Chris Glancy

Strategic Services

A key financial metric that tells an important story for many businesses is a quality of earnings (QoE) report. While it often is included as part of the due diligence process associated with a merger, a QoE can provide useful insights in many situations, such as during analysis of a particular division or subset of a company’s overall operations.

The key purpose of a QoE analysis is to go beyond the company’s earnings numbers and reveal the meaning – and the quality – behind them.

What does ‘Quality of Earnings’ Mean?

A quality of earnings report provides an analysis of the factors behind a company’s earnings numbers. By dismissing any anomalies, accounting strategies or one-time events that may skew the bottom-line numbers, the sustainable earnings number that is likely to recur from year to year is revealed.

The QoE is used to assess the accuracy of historical earnings and the achievability of future projections. In an acquisition scenario, given that valuations are often based on a multiple of EBITDA (earnings before interest, taxes, depreciation and amortization), a potential buyer must have an understanding of historical revenues, trends, assumptions used in forecasts and the sustainability of earnings.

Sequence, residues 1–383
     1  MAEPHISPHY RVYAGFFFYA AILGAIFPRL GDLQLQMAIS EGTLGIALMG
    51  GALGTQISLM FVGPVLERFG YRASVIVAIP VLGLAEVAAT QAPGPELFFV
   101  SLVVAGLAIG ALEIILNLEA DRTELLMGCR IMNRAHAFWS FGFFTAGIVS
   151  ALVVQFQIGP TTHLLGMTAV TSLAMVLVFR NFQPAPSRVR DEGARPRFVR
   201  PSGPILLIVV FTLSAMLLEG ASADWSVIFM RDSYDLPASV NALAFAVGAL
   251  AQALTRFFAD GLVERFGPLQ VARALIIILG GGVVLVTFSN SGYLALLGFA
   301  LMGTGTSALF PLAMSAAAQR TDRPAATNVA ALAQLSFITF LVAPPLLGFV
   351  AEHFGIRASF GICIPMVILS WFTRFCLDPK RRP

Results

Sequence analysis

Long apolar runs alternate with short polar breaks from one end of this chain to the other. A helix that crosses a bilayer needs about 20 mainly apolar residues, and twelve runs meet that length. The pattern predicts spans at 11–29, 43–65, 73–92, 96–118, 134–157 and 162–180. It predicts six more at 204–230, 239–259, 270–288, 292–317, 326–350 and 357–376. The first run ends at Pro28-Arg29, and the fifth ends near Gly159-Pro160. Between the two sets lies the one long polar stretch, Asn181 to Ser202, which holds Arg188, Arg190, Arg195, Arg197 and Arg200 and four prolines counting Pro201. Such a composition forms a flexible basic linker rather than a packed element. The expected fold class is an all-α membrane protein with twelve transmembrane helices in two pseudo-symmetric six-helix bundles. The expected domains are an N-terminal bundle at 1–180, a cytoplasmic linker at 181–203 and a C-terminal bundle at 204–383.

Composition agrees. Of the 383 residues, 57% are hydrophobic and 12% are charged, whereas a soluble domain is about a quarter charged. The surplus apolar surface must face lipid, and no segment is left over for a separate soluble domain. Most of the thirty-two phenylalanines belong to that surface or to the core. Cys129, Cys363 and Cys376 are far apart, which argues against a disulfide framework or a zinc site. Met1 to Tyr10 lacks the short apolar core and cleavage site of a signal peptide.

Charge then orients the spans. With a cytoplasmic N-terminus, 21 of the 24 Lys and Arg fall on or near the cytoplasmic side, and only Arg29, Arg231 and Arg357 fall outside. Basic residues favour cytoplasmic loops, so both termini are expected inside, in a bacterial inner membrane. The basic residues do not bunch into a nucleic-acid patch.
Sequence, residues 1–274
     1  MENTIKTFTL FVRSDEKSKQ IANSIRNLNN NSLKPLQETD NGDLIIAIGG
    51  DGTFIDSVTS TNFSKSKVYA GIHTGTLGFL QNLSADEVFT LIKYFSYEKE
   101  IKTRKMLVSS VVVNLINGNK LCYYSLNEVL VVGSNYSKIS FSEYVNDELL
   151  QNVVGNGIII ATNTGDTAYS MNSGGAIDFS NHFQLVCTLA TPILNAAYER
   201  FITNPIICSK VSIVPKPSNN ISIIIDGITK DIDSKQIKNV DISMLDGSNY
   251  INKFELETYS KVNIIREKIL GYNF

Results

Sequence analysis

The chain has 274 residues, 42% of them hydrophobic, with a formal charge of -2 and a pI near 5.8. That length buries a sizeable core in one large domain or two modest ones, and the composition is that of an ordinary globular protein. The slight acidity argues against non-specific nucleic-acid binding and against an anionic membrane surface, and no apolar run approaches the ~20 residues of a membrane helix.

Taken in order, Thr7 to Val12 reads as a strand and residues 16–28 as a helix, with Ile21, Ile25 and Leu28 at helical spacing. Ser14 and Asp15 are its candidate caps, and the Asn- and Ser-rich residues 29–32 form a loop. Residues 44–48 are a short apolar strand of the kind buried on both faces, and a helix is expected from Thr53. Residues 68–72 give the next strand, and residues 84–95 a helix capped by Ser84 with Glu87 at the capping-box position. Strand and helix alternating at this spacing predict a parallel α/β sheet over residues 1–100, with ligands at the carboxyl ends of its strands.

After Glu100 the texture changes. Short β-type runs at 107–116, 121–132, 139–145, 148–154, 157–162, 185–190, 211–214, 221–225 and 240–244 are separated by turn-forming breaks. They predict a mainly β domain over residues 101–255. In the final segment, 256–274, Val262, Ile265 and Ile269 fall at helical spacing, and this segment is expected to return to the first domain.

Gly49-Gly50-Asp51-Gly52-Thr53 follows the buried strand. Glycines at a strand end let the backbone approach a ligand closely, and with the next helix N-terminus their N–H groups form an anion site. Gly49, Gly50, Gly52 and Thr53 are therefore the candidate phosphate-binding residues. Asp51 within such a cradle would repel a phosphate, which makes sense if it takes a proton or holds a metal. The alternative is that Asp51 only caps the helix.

For internal use, a QoE can help management plan for outside investment, growth, operational changes, new product lines and other opportunities.

Since a QoE report is based on a company’s unique financial and operational metrics, it will not look the same for every company. It’s not an audit report, nor is it part of a typical financial statement. Its value is in the analysis of underlying fundamentals and the fact that it can be crafted to fit a particular company’s financial and operational profile, providing a highly accurate reading.

Components of a QoE Analysis

Since a QoE is customized to the needs of the situation, its components can be very different from one company to another. In general, high-quality earnings are associated with conservative accounting practices, and that story is told in the individual components of the analysis. Some of the key components of a QoE report typically include: